Social media is a fun and useful way of staying in touch with friends and family, meeting new people or keeping up with current affairs. It can also provide a very public look into our private lives and this can sometimes result in problems with employers that could end in disciplinary action, including termination of employment.
So, how exactly can an employer prevent you from posting something they don’t agree with on social media and what can they do about it after the fact?
What measures can employers take to protect themselves?
Most employers will have social media policies they ask their employees to adhere to. You may even have a social media usage clause written into your contract or be asked to sign a separate agreement.
While you may not be asked to refrain from using social media altogether, it is likely that in such a policy or agreement, it will be expected that you will conduct yourself in a manner that is consistent with the requirements of your role and the image of the organisation.
It is within the employer’s rights to require that their employees do not do anything that might damage the organisation’s image or business prospects and, ultimately, misconduct in this area can serve as a legitimate reason to terminate someone’s employment.
Since employers simply do not have the time to monitor their staff’s social media accounts, they may also choose to be on the front foot and provide education and training on social media, and how improper use might negatively impact their careers. This type of training would be particularly useful for graduate-level or junior staff.
One way for an employer to approach this from a positive angle is by helping staff set up LinkedIn and professional twitter accounts so that they have a work-related platform on which to tweet articles, insights and posts on the corporate social responsibility initiatives of their organisation.
When disciplining workers who may have expressed personal views on a public platform, employers should be careful not to breach the Fair Work Act, which prohibits adverse action against a worker because of their political opinion, a legally protected attribute.
If an employee is found to have been unfairly dismissed on these grounds, they may be forced to pay compensation and/or reinstate the employee. However, if the employee’s conduct in expressing that political opinion was unnecessarily offensive or otherwise breached the employer’s policies or social media agreement, the employer may be able to prove that disciplinary action was taken due to the offensive behaviour and not their political opinion. A determination will depend on each case’s individual details.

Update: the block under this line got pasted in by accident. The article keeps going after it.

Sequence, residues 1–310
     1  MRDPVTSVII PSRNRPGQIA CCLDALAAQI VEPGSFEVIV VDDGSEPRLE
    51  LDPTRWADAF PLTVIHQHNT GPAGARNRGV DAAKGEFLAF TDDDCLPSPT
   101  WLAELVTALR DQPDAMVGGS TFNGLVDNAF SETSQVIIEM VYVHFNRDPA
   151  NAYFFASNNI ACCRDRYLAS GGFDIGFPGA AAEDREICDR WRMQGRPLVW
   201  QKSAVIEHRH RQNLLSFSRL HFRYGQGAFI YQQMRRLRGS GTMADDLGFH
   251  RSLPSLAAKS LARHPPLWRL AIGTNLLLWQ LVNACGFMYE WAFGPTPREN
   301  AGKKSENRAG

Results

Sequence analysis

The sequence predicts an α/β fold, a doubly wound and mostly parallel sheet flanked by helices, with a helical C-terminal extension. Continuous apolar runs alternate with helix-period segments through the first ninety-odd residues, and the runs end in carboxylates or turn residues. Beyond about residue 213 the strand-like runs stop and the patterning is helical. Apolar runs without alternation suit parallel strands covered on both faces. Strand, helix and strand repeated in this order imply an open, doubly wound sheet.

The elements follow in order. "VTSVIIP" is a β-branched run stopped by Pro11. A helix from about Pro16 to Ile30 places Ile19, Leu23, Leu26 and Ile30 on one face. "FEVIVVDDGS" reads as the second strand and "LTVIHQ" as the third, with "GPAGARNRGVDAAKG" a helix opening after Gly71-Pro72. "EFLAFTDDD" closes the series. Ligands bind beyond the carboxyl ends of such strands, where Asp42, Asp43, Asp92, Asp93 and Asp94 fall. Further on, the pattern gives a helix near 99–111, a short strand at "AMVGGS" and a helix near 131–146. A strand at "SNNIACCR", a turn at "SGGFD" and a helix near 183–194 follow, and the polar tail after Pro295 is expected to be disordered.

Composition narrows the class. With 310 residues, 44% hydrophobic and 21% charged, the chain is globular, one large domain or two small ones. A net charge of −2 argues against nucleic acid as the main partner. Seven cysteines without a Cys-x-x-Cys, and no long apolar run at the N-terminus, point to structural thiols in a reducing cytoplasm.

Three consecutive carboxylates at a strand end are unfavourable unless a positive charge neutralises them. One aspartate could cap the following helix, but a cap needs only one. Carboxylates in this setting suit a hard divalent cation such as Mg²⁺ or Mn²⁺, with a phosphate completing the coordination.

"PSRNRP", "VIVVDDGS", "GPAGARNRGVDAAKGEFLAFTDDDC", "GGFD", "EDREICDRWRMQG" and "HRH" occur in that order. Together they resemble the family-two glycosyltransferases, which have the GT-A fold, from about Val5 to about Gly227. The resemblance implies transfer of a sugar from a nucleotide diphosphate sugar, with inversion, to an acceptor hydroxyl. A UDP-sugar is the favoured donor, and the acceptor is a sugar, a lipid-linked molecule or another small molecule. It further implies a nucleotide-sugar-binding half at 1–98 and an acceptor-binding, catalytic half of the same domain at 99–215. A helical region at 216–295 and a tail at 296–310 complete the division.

What can the misuse of social media mean for your employer?
In recent years we have seen high-profile cases, including those involving Israel Folau and Alan Jones, whose comments on various issues have seen backlash against their employers, and millions of dollars’ worth of sponsorships pulled by organisations who no longer wanted to be associated with the brands who they worked for.
While you may believe your comments will not have such a drastic financial or reputational effect on your employer, grassroots campaigns have sparked on Facebook and Twitter, with other users banding together to track down the employers of individuals who make offensive posts to report them and call for their dismissal.
Conducting yourself on social media – what is acceptable and what could get you fired
It is never a wise idea to ‘bad mouth’ your employer or colleagues on social media. If you have had a bad day at work, try venting to a friend or family member, or if something more serious has happened, such as bullying, harassment or intimidation, alert a member of the HR team or record the incident, date and time in case you need to rely upon it later on.
While the law in this area may not be set in stone just yet, your best bet is to always maintain a professional persona online. By refraining from making tactless or hurtful comments or tagging colleagues in inappropriate posts you can be sure you will never be disciplined for contravening your employer’s social media policy or agreement.
If you have had your employment terminated due to a social media issue and you need to seek advice, contact one of our HR consultants today.